Apart from Marsupilami, Franquin also had a knack for employing a lot of stupendous inventions during the golden age. This became another hallmark of the series. Some are of course implausible and only work in the context of the comics, such as the potions concocted by the Count of Champignac.
But some of the mechanical gadgets are actually quite clever and exhibits a talent for designing devices that could actually work in real life too. Some were even completely ahead of their time.
The Count of Champignac uses his mushrooms to concoct potions for e.g. super-strength, changing the speed of ageing, and resisting water pressure. He even creates a pink spray that makes metal soft like a cloth, which makes for a lot of hilarious situations.
These are great fun to see utilized in the novels, but it’s all pretty much fantasy.
In Spirou and the Heirs from 1952, Fantasio competes with his evil cousin Zantafio to win the honor of inheriting from an uncle. The first of the three trials is about coming up with the best invention. Fantasio invents a mini-helicopter that can be worn as a backpack, and it actually looks feasible even today.
Spirou and Fantasio also manages to befriend and help two car manufacturers, and at the end of The Rhinoceros Horn from 1953, they receive the keys to a prototype of a new sports car, the Turbot-Rhino. The car has a very stylish design and almost looks like it was devised by a professional car designer.
The Turbot-Rhino becomes another hallmark of the series for many novels, until a sheik mistakenly borrows it in 1957 and smashes it to smithereens. The sheik then buys them a new white and blue Turbot car with a lot of awesome ideas such as car doors that glide into the floor of the bodywork, and an all plexiglass cabin with no blind angles.
Franquin also sort of predicted the drones that we see today, at least in the way they look. In Z is for Zorglub and In the Shadow of Z from 1959-60, Zorglub (and his army of minions) flies around in red drone planes with four rotors each. Again, they look like they could almost work for real.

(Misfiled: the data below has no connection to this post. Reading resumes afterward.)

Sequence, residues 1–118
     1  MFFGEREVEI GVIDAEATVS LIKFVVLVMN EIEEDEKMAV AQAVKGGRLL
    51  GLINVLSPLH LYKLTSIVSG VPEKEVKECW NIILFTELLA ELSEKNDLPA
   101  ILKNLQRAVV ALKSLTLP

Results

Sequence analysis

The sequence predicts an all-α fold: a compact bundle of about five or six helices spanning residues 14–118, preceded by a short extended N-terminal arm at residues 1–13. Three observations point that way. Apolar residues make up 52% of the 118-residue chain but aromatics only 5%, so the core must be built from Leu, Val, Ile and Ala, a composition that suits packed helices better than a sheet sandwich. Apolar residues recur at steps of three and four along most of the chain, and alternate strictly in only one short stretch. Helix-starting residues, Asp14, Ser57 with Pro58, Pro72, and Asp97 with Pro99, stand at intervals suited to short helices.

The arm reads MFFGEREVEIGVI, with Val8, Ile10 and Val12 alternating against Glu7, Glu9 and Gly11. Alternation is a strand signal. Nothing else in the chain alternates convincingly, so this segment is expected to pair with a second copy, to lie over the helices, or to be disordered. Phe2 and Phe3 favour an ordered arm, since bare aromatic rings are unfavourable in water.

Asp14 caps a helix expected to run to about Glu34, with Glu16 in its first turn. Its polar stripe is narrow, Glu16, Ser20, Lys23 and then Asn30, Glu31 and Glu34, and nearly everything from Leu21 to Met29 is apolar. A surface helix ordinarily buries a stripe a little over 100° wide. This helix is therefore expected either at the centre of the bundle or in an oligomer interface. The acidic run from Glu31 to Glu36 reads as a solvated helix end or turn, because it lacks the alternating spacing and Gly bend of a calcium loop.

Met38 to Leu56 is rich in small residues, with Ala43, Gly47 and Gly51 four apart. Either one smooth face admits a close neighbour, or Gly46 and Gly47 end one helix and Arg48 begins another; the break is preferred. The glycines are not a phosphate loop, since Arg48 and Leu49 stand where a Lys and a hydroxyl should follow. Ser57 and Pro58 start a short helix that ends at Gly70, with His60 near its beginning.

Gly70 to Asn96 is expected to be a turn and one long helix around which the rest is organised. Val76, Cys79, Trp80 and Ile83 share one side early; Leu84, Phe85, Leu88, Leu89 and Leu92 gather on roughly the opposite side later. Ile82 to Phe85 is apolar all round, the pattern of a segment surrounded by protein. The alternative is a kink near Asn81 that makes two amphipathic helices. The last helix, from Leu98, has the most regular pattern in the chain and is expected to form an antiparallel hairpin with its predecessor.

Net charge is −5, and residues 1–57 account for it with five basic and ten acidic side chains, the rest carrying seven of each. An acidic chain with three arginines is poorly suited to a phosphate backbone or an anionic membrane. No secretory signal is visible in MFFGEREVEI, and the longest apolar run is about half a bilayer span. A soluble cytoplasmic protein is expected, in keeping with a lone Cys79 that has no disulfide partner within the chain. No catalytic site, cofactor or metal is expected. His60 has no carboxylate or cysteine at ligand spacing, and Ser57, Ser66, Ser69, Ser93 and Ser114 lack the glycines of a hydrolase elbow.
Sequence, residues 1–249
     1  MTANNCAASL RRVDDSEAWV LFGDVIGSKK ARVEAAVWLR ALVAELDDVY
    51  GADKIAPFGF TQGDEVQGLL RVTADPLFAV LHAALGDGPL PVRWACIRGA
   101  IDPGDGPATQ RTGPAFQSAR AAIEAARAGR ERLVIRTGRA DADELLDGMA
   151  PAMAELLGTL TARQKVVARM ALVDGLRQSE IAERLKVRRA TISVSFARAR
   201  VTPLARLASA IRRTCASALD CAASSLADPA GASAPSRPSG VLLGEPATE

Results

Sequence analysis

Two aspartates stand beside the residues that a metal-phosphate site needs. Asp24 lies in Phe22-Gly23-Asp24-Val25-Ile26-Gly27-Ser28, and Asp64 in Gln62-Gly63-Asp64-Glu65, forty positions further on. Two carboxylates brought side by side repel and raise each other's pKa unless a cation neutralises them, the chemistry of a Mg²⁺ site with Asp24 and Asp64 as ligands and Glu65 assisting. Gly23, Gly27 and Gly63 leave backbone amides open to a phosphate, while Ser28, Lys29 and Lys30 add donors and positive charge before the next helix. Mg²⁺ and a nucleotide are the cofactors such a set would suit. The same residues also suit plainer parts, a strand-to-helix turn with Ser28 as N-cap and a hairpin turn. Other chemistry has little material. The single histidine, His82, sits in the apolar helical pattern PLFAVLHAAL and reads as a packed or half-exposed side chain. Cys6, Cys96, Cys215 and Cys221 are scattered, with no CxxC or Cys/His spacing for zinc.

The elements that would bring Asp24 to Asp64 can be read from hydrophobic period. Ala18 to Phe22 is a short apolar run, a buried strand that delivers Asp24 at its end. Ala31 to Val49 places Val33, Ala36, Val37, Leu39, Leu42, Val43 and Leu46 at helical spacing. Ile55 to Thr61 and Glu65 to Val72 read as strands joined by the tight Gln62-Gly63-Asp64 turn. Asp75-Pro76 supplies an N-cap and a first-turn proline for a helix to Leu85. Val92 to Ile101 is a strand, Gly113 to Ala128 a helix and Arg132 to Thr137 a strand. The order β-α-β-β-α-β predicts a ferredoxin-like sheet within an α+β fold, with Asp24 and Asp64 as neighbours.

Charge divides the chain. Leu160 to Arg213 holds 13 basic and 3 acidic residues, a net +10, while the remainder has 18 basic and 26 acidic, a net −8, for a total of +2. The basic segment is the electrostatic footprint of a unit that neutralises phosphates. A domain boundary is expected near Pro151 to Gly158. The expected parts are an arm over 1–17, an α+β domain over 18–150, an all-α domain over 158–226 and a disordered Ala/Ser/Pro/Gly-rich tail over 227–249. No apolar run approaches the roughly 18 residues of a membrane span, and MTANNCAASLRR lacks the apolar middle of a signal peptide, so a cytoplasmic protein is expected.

But the Count of Champignac also demonstrates that he can invent actual gadgets and not just brew potions. One of these is a diving vessel for one person, and it is surprisingly well thought out. Franquin added a lot of very logical details, such as flooding the cabin with water to withstand the great depths, and a very sensible pump-jet propulsion system.
Some of the other gadgets give the impression that Franquin could have been a great video game designer too. The beam weapon zorglonde invented by Zorglub looks like it was anticipating Star Trek and can both stun and hypnotize targets.
But the biggest shocker of them all is probably the GAG used in The Prisoner of the Buddha from 1959. This is the gravity gun in all its glory – more than 40 years before Valve used it in Half-Life 2. In fact, I’ve written another blog post about this subject alone.
The golden age is teeming with amazing inventions like these and it’s part of what makes the series such a fun read. Franquin’s talent for design and inventions, combined with the exciting stories and the numerous gags, made for a truly unique Franco-Belgian series.
Make sure to check out page 2 with a complete list of the novels and a lot of example pages.
3 comments on “Spirou and Fantasio”
Good read; I remember reading some of these when sitting at the comic section in the library as a kid; remember them mostly because of the Marsupilami. Good idea adding an extra note to go to page two; would completely have missed the pagination 😀 . Some of the pages you’ve picked for page 2 feel very hand picked for what you’ve written while in other cases it feels like you’re talking of very specific events, but leaving out the pages where they’re shown).
I found out with the How a French Comic Series Inspired Star Wars blog post that I had to mention the other pages specifically. Some commenters on Facebook mentioned that the pagination could be hard to spot among the share buttons, and the pagination doesn’t even show up in RSS feeds.
Cinebook has translated 17/55 of the Spirou and Fantasio books, only 38 more books Cinebook has to translate to have all 55 books in English.